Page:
Film review: A Girl Walks Home Alone at Night

'A Girl Walks Home at Home at Night'
'A Girl Walks Home at Home at Night'
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This Iranian vampire movie’s unique cultural status has conferred upon it a political significance the film itself isn’t much interested in pursuing.

A Girl Walks Home Alone at Night (15)

Directed by: Ana Lily Amirpour

Starring: Sheila Vand, Arash Marandi, Dominic Rains 
* * *

Sure, the titular blood-sucker’s wearing of a chador could be read as a literal veiled comment on the way Muslim women are sometimes forced into the shadows by religious and societal conventions, but any politicised feminist slant in Ana Lily Amirpour’s debut is subsumed by its status as a self-conscious exercise in filmmaking style.

Nothing wrong with that, per se, especially since this plays out like a deliberate act of cinematic vampirism. Feeding off Jim Jarmusch’s body of work, it transfuses the same jazzy influences to arrive at a hipster cinematic universe in which all inhabitants seem forever cursed to exist in a quotation-marked state of cause-shirking rebellion more redolent of the 1950s. Shot in monochrome and set in a fictitious Iranian ghost town named Bad City, the film’s Farsi-speaking cast seem like echoes of those ne’er-do-wells from Jarmusch efforts such as Down By Law and Stranger Than Paradise.

Arash (Arash Marandi) is the son of an ageing junkie whose habit is attracting the wrong sort of attention. Amirpour initially keeps the story focused on Arash and his father’s dealer, Saeed (Dominic Rains). But when Saeed picks up a woman one night and gets more than he bargained for from her sharpened incisors, the film shifts its focus to this mysterious woman with a taste for blood.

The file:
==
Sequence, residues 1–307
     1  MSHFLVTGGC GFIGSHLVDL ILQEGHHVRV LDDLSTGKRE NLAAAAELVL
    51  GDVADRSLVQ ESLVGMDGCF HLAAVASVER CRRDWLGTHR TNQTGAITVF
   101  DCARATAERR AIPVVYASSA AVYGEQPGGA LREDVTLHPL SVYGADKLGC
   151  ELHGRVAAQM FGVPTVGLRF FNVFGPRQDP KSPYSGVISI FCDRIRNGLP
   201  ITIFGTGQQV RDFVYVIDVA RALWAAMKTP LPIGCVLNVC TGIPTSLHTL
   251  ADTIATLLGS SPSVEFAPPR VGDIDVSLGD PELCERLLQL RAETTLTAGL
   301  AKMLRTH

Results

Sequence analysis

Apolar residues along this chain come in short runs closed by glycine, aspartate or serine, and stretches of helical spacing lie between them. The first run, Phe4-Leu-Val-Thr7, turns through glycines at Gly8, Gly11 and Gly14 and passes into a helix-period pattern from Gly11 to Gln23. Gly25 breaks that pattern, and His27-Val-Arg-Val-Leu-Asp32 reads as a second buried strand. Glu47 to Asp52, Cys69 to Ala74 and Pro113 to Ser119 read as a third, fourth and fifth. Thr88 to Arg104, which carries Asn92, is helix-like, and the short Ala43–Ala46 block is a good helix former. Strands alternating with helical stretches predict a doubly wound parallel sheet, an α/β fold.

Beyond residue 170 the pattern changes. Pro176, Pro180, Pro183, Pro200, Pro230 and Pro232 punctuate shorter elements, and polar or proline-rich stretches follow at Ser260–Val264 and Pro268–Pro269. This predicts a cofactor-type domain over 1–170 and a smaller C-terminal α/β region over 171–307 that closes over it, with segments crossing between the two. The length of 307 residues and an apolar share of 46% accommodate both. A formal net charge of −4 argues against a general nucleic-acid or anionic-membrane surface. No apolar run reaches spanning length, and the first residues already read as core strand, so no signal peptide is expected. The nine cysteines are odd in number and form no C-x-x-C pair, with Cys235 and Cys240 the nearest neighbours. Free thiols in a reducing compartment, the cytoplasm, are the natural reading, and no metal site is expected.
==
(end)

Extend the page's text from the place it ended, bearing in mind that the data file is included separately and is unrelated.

Played by Sheila Vand (above), ‘the Girl’ – we never learn her real name – skulks though Bad City’s nocturnal streets on a skateboard, dispensing gory justice to exploiters of women (and cats). But as she finds herself drawn to Arash after meeting him on his return from a Halloween party, it soon becomes apparent that she’s craving more than the blood of the damned. These kinds of developments can come across as a little cute, particularly as the film expects us to intuit the shape of the subsequent narrative from artful compositions arranged in oblique and patience-testing ways.

The film’s abundance of style rings hollow at times, but a few transcendent moments make up for it. We’re told next to nothing about ‘the Girl’, for instance, yet her bedroom – decked out in posters of pop stars and lit by the glow of a glitter ball – is as eerily suggestive as the irrepressible yearning of her blackened heart of an adolescence brought to an abrupt end.